Kids' Homework Help: Fear of Failure
A couple of weeks ago, my son came home and told me he needed a shoe box for a book project that was due the next day. It turned out that he'd known about the project for three and a half weeks, but was only just getting started. His assignment was to re-create a scene from a book as a diorama. That probably wouldn't have been a problem if he had started a few days earlier ... or if he had read the book!
I watched him struggle with scissors, construction paper and glue for about an hour before I finally gave in. Even though I knew that if he failed, he'd learn a valuable lesson about responsibility and priorities, I couldn't bear the thought of him turning in substandard work.
Together we worked until midnight and turned out something that Martha Stewart wouldn't have been ashamed to put her name on. Then I sent my son to bed and spent another hour cleaning up as I agonized over what I'd done.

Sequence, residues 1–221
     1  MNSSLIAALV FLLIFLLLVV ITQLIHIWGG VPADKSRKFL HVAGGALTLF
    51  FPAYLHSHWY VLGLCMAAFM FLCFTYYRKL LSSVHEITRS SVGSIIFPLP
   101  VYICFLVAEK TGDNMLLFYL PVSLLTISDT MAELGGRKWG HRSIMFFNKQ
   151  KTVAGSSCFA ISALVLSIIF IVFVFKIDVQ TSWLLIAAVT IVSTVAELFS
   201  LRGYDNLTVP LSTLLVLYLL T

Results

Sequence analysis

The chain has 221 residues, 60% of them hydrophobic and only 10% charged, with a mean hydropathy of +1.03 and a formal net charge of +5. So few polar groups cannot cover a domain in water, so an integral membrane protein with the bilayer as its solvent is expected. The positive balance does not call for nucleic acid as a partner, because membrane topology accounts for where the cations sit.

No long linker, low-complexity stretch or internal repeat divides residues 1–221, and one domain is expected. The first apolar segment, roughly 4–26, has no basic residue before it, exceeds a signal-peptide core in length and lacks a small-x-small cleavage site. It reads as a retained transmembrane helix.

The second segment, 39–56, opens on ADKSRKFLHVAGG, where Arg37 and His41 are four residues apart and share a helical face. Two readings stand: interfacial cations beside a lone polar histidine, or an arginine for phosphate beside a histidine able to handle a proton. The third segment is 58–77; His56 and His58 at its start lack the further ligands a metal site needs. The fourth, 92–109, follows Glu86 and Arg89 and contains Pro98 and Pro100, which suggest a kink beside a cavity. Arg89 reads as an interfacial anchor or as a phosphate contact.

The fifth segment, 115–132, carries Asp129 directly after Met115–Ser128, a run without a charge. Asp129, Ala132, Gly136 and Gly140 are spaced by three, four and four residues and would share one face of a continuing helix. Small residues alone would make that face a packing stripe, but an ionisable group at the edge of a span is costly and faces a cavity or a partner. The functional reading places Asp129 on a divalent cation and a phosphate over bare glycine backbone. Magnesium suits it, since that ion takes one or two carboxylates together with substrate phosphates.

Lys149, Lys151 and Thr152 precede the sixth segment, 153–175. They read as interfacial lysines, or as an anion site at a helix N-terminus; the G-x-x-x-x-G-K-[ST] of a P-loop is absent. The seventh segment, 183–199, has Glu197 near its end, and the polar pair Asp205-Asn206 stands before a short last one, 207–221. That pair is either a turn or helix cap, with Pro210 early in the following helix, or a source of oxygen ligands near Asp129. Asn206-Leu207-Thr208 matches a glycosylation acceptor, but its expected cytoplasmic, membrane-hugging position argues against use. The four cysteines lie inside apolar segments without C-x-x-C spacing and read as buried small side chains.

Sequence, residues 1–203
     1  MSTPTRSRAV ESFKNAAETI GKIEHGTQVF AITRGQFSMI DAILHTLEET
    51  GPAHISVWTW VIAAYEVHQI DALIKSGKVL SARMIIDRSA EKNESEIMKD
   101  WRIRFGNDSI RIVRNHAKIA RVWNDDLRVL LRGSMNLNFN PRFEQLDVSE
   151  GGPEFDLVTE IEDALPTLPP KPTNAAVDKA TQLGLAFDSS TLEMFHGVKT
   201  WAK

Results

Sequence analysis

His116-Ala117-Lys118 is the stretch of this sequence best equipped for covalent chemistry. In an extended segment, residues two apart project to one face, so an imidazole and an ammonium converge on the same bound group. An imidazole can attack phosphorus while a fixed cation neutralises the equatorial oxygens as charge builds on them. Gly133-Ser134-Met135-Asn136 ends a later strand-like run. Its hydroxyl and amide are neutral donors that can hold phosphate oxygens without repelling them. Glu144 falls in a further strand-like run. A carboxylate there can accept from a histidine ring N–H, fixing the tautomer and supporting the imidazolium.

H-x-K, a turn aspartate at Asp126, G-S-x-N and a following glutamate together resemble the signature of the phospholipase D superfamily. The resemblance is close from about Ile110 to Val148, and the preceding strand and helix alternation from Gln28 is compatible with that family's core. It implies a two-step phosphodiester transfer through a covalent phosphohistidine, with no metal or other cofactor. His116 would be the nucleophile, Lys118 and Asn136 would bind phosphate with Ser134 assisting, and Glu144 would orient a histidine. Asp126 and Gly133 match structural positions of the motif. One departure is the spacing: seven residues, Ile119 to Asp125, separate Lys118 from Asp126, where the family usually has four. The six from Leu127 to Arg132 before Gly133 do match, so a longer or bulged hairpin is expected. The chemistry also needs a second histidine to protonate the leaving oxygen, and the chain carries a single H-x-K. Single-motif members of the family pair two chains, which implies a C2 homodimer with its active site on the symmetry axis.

I have a history of bailing my son out of predicaments like that one. Just the month before, I had made a replica of Michael Jordan in the form of a marionette for his social studies class. Another time, I edited a short story he'd written to within an inch of its life. In hindsight, I could have saved time by just writing it myself—but that would have been wrong. Right?
My husband thinks I'm a fool, and deep down I know he's right. I realize that as long as our son knows I'll always be there to save him, he'll never have to step up to the plate and take care of himself. And yet I can't help myself. I'm his mom! The person who's supposed to take care of him. I can't sit back and watch him suffer. But is all my care and concern only setting him up to fail later in life?